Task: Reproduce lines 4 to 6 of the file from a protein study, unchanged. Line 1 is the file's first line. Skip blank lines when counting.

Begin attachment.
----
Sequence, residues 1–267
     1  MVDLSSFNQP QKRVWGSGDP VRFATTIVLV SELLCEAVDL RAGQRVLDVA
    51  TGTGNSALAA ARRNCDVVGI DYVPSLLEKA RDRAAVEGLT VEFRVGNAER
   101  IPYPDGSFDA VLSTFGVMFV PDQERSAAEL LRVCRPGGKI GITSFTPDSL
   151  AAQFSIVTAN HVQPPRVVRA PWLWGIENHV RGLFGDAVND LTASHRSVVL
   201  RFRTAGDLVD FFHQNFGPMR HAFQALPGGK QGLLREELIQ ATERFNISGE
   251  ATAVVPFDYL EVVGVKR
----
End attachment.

   101  IPYPDGSFDA VLSTFGVMFV PDQERSAAEL LRVCRPGGKI GITSFTPDSL
   151  AAQFSIVTAN HVQPPRVVRA PWLWGIENHV RGLFGDAVND LTASHRSVVL
   201  RFRTAGDLVD FFHQNFGPMR HAFQALPGGK QGLLREELIQ ATERFNISGE